"This slender volume by Erin V. Abraham is a welcome addition to studies of early medieval penitentials and demonstrates a historically responsible and mature interpretation of this enigmatic and often misunderstood genre." - Atria A. Larson, English Historical Review, October 2019
Composed between the sixth and ninth centuries, penitentials were little books of penance that address a wide range of human fallibility. But they are far more than mere registers of sin and penance: rather, by revealing the multiple contexts in which their authors anticipated various sins, they reveal much about the ways those authors and, presumably, their audiences understood a variety of social phenomena. Offering new, more accurate translations of the penitentials than what has previously been available, this book delves into the potentialities addressed in these manuals for clues about less tangible aspects of early medieval history, including the innocence and vulnerability of young children and the relationship between speech and culpability; the links between puberty, autonomy, and moral accountability; early medieval efforts to regulate sexual relationships; and much more.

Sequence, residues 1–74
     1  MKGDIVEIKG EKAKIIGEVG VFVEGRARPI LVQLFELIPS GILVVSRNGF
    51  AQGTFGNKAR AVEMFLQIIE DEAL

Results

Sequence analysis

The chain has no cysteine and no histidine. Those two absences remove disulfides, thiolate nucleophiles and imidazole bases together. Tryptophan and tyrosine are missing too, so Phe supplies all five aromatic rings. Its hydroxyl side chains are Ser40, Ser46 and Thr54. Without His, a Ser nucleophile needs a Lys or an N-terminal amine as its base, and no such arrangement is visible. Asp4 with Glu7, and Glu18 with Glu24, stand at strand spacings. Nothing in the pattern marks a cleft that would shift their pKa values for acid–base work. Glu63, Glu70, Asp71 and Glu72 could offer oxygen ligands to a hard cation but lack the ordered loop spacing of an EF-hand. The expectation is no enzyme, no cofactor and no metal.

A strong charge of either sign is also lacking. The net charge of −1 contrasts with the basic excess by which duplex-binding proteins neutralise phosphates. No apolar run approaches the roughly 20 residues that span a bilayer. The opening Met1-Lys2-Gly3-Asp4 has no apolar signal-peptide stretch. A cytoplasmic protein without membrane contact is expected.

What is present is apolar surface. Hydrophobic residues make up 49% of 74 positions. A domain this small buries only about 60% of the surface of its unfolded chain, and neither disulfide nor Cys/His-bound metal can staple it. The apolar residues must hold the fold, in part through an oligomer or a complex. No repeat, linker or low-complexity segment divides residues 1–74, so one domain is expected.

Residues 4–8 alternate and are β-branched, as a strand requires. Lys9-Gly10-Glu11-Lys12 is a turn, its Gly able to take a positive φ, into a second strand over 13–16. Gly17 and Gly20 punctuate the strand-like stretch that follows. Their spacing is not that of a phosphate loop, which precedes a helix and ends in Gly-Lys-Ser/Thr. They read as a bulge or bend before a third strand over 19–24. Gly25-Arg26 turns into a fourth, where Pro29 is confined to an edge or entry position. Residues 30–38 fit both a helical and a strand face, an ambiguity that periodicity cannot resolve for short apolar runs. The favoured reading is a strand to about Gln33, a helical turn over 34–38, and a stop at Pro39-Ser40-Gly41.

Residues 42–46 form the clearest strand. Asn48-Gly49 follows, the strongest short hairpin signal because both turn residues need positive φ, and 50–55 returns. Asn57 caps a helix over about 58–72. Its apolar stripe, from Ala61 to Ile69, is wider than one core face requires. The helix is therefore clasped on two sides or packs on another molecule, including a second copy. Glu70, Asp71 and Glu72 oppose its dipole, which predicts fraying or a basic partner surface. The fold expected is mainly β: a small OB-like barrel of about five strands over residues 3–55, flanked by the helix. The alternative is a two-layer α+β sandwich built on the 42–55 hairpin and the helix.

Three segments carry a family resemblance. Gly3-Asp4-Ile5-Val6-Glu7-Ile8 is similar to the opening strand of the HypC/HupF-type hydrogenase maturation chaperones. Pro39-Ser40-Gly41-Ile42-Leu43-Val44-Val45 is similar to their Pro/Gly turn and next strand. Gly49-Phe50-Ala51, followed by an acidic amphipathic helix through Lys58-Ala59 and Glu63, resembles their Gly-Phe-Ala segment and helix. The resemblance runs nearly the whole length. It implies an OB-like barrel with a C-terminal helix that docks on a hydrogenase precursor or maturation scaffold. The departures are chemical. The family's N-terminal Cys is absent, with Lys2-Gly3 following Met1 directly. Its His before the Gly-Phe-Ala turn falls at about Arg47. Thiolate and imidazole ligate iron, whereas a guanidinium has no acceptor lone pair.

Dr Abraham is a lecturer in the Honors Program and an adjunct lecturer in the History and Religious Studies departments at the University of Wyoming in Laramie, Wyoming.